Are physicians retiring early?

By Madeline Hyden
July 28, 2015
Body of Knowledge Domain(s): Operations Management, Human Resource Management


Managing retiring physicians is an ongoing issue for most healthcare organizations, as six in 10 practicing physicians say it is likely that many physicians will retire earlier than planned in the next one to three years, according to a survey from Deloitte Center for Health Solutions, New York.

The question is whether the Patient Protection and Affordable Care Act (ACA) has prompted physicians to retire early. According to a survey by The Physicians Foundation, Boston, 59.3% of physicians said they were less positive about the direction and future of healthcare in America after the passage of the ACA in 2010.

“From what physicians have told us, the retirements were coming regardless, but the ACA has stomped the accelerator on having them decide sooner not later that they want to retire and not have to deal with all of the challenges,” says Steve Marsh, managing partner, The Medicus Firm, Dallas.

Regardless of why physicians are retiring, practice administrators need to decide how to handle losing some of their physicians to retirement, he adds. “No matter what new regulations are in place, the shortage of physicians is something that needs to be addressed through planning and communication,” he says.

For example, one health system where Marsh worked had 25 full-time primary care searches to fill in the next three years. What is staggering is that 17 of those 25 (68%) were due to anticipated retirements, not growth. With only 8 of those positions being filled to support the growing population, that is a huge burden on this health system to recruit new physicians in a short time frame, he says. Additionally, he says, many practices have experienced another trend of younger physicians seeing fewer patients than older physicians.

“For older doctors, being a physician if much more of a lifestyle than a job,” Marsh says, which can be a problem when high-volume older physicians are quickly retiring and younger physicians want to see fewer patients to maintain more of a work-life balance and work set hours.

The recovering economy, higher stock market, healthier 401Ks and growing business might encourage physicians considering retirement to go ahead and exit, he adds. That is why he advises practice managers who anticipate a high number of physicians to retire in the next several years communicate constantly with them about retirement timelines.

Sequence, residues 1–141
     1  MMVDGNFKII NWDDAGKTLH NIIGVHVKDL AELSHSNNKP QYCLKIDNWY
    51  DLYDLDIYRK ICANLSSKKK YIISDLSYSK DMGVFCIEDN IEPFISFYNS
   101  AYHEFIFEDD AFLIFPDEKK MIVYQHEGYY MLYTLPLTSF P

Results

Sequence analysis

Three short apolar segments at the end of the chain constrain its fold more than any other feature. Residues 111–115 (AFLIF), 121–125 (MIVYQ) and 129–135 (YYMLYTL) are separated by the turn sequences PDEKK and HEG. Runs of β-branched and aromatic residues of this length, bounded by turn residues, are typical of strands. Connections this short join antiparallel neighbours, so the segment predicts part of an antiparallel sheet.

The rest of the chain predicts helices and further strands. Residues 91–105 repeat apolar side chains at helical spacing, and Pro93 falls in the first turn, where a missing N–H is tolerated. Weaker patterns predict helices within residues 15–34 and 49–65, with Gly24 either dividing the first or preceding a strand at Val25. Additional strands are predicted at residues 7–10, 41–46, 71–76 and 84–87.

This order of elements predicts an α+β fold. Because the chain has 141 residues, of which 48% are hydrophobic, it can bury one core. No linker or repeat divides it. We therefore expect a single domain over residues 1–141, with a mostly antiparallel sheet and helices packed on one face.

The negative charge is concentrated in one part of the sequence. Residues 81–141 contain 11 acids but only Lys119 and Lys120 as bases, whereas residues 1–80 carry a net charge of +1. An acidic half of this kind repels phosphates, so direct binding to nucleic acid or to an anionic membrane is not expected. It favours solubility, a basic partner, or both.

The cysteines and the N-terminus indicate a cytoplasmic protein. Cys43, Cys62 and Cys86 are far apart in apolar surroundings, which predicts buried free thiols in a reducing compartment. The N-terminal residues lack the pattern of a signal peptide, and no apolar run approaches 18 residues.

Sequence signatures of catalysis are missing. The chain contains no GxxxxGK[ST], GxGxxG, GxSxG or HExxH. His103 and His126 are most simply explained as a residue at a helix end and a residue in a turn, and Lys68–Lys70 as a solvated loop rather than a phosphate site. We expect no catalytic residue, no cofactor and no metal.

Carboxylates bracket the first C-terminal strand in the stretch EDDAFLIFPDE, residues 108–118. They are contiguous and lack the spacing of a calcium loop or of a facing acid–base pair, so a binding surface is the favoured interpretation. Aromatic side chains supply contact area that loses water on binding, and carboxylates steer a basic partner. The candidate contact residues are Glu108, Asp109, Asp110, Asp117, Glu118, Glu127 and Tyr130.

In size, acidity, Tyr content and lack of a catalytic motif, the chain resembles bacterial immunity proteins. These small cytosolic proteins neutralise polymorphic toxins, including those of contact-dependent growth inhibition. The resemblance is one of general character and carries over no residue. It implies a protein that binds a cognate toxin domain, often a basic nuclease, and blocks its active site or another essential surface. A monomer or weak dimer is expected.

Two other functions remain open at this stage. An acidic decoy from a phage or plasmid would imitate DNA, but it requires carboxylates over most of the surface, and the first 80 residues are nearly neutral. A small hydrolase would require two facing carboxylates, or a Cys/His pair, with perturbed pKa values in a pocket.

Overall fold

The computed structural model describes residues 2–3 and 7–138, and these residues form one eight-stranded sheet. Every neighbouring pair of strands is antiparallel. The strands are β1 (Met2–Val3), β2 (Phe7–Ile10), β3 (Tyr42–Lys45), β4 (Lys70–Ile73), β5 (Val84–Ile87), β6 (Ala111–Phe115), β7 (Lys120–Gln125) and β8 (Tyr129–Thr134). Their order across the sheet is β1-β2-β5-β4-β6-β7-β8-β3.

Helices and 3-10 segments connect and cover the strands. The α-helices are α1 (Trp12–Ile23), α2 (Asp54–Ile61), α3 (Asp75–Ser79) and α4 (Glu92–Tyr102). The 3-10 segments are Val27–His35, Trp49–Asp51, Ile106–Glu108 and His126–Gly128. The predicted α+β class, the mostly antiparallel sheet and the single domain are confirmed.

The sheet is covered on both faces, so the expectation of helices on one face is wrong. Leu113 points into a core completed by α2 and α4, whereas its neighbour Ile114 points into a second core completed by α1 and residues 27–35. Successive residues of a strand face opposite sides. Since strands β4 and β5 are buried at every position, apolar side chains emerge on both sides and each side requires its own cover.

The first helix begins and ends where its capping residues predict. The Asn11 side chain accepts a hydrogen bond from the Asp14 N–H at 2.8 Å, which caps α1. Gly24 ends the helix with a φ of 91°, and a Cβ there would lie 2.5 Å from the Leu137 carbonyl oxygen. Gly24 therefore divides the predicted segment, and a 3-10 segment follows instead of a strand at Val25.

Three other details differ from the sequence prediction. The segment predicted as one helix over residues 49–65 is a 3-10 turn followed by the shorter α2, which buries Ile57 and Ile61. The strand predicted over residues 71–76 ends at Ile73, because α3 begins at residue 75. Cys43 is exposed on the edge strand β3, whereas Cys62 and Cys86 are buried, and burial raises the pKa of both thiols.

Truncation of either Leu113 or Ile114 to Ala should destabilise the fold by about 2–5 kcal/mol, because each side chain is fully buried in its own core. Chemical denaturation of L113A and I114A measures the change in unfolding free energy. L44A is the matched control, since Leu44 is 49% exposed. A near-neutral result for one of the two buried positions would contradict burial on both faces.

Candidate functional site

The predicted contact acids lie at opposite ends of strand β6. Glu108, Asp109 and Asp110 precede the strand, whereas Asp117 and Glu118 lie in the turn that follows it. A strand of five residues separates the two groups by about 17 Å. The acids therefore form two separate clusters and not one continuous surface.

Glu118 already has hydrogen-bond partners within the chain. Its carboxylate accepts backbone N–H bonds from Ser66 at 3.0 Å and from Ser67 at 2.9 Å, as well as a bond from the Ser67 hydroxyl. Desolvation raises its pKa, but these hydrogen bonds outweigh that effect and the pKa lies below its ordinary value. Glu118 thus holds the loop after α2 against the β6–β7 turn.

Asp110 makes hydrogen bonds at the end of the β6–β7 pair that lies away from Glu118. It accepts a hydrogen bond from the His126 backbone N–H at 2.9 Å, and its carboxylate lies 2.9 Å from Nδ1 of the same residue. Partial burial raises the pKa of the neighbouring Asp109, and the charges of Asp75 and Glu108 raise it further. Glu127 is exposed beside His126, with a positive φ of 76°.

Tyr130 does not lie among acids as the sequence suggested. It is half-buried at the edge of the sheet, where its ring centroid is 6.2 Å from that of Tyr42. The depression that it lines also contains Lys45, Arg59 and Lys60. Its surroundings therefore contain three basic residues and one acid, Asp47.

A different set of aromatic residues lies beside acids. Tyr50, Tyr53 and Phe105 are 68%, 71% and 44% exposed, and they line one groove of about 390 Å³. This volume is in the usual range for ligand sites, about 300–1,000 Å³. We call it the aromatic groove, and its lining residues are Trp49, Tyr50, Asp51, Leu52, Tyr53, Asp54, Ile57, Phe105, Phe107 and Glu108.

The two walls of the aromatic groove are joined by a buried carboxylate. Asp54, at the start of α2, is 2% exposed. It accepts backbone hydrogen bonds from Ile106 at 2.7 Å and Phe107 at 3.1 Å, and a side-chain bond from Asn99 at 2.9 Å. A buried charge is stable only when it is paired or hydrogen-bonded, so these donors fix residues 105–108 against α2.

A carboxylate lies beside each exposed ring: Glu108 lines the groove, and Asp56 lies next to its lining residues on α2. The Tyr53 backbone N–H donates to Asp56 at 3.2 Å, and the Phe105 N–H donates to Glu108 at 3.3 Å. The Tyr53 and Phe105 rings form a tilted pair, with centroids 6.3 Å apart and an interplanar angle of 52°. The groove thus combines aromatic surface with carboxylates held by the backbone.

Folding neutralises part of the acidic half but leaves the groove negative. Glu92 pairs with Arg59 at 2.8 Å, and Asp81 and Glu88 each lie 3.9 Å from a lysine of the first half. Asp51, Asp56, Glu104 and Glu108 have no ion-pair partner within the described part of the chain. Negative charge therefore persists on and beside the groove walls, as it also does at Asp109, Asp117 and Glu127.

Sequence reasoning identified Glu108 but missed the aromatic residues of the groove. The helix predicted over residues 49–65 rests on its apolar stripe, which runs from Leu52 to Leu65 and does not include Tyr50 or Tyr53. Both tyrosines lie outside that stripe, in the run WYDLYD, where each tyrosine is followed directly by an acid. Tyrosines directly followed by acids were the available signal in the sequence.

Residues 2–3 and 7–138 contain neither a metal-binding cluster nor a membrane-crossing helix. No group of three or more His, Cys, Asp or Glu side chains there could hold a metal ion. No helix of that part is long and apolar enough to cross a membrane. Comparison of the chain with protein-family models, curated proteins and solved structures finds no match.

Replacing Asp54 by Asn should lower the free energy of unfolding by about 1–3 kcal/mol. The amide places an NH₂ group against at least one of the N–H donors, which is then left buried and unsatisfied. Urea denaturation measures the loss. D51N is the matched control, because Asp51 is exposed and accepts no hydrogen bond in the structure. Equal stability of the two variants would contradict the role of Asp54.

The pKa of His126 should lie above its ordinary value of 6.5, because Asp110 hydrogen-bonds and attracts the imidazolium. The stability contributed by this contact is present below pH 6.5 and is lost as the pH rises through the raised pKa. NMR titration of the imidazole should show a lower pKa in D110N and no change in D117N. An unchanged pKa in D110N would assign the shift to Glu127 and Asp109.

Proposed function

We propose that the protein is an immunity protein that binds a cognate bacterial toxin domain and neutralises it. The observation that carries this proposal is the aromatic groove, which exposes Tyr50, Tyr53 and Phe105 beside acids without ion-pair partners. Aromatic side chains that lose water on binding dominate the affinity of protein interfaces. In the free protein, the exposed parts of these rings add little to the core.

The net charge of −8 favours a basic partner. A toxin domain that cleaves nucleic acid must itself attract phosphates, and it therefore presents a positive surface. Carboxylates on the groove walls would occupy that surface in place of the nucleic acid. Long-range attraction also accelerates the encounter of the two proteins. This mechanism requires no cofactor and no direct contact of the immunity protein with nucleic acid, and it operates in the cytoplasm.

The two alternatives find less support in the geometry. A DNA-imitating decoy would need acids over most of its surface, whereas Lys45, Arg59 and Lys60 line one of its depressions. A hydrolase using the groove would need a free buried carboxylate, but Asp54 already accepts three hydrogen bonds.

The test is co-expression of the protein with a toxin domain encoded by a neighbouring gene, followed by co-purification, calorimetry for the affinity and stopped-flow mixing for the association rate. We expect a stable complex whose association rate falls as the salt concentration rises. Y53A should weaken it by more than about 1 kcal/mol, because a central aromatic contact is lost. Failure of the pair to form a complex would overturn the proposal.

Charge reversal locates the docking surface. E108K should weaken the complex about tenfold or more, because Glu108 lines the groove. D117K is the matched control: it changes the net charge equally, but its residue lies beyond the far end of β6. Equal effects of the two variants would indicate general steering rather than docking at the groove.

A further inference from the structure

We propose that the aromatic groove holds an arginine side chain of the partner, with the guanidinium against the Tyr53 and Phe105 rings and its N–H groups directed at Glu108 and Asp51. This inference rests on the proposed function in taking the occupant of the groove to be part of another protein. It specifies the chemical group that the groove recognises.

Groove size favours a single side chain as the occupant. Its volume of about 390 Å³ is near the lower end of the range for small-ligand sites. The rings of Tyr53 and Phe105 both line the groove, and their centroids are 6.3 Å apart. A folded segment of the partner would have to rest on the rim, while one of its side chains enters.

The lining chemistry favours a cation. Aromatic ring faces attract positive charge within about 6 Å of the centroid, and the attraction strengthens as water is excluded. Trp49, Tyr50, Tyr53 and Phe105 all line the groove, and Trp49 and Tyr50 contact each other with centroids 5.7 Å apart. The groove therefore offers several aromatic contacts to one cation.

The recovering economy and higher stock market, healthier 401(k)s and growing business might encourage physicians to stay at work, Marsh adds. That is why he advises MGMA members who anticipate a high number of physicians to retire in the next several years to communicate constantly with them about retirement timelines.

Once you know a retirement date, consider asking retiring physicians to work two or three days per week while you recruit new physicians.

“The more time you have, the easier it is to lessen the pain of a physician leaving,” Marsh says. “It also allows you to recruit the best new physicians possible.”

When a physician announces his or her retirement, consider these steps:

  • Review contracts and ownership agreements.
  • Create a plan for the physician’s patient records.
  • Notify patients.
  • Notify referring physicians.
  • Notify third parties, such as your malpractice insurer, state’s medical board and contracted health plans.

Some older physicians might not want to retire at all, in which case practices should create a policy for determining competency while avoiding age discrimination.

The MGMA Member Community has a multitude of threads discussing how to manage physicians nearing retirement age or those who have announced their retirement, including:

Madeline Hyden, digital editor, MGMA Corporate Communications

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